This week Marc from Go, See, Talk nominated the film that I was eventually paired up with; Cemetery Junction.

Despite my hesitation towards Gervais and Merchant, I was actually really pleased to be paired up with this movie as I narrowly missed the opportunity when it was out at the cinema this year; I’d heard some quite good things about it and was interested to see how this would weigh in against previous collaborations from Gervais and Merchant.

Cemetery Junction tells the story of three young men who are all looking to make something out of their lives in a middle to lower class working town in early seventies England. It’s a more than typical coming of age story that stands out because of the quality of the three leads and how relatable their situation is. The setting works surprisingly well (obviously drawing on Gervais and Merchant’s own youths) and is really reinforced by one of the best soundtracks I’ve heard in recent memory. I had a great time watching this movie and there were numerous occasions where I had to stifle laughter in slight disbelief at the raw seventies dialogue.

The only thing that stood out to me about this movie to be particularly annoying was the appearances of Gervais and Merchant on screen. As much as I enjoyed their writing and found their direction to be relatively inoffensive, their roles in front of the camera felt completely obsolete and bordered on indulgent. Gervais is basically the same as he is in every other role he’s ever done and Merchant appears in the most needless five second cameo I’ve seen in recent times. It’s a shame really that they felt compelled to give themselves roles as it adds a certain branding onto the movie which I would have thought they might have been keen to move against being as this is somewhat of a departure from other things they have written in the past.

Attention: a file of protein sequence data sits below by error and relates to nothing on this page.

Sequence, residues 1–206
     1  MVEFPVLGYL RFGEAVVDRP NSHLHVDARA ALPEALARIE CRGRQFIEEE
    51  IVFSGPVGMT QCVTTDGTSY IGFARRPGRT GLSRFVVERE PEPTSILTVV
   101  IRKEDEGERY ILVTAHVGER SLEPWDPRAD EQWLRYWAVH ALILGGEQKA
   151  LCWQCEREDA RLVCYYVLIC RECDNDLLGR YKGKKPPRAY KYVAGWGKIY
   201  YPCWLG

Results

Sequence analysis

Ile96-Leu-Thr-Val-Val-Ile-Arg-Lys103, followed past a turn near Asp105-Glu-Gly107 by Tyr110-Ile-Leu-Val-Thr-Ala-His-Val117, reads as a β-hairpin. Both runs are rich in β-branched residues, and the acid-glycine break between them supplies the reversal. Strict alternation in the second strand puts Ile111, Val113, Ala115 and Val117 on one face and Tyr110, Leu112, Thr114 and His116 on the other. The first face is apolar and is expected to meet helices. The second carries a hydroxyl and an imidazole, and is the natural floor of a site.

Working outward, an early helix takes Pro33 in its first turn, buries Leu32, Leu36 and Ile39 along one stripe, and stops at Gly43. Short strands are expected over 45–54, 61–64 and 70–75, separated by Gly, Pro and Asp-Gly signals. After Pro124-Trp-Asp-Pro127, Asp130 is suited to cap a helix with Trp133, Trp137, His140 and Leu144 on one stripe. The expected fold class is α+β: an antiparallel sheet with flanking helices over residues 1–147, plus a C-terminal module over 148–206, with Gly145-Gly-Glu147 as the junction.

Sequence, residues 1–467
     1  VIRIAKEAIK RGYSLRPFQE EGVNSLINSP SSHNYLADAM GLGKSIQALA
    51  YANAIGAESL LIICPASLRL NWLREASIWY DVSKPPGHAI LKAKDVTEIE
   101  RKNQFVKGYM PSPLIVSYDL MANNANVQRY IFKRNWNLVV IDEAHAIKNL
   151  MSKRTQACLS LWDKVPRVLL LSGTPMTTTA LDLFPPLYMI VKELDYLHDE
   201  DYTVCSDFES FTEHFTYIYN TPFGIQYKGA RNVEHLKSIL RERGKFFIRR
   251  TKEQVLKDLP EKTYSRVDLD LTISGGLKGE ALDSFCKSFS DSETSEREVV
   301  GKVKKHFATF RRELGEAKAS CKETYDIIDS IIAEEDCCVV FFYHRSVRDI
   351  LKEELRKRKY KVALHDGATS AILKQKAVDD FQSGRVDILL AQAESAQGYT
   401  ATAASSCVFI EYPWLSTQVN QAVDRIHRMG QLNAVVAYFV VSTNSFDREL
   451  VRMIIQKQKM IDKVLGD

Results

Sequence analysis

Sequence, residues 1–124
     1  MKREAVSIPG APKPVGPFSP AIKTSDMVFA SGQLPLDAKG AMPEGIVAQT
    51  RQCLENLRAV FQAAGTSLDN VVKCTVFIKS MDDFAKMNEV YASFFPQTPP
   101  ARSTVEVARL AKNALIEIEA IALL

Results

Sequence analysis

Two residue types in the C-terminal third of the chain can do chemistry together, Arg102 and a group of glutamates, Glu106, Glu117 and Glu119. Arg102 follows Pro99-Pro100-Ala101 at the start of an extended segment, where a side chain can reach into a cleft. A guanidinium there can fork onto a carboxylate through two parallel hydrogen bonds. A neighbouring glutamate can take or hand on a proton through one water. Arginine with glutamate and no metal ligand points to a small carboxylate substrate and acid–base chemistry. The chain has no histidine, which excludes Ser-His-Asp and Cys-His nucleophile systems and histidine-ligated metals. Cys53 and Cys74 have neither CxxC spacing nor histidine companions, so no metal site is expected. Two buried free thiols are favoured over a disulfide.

All in all it’s a very competent coming of age/ making something of your life movie, with a strong young cast in the lead roles and a solid support behind them, especially in the form of Ralph Fiennes who adds a good deal of gravitas to the movie. For me, it stands as an interesting indicator as to what could come from Gervais and Merchant in the future; I just hope they keep themselves out of their movies in the future and concentrate on the behind the scenes elements, instead saving screen time for movies in which they are the principal cast.

A highly enjoyable and recommended watch for anyone who ever felt like they wanted to make something out of their life and can stand a bit of close to the bone seventies humour.

Cheers Marc!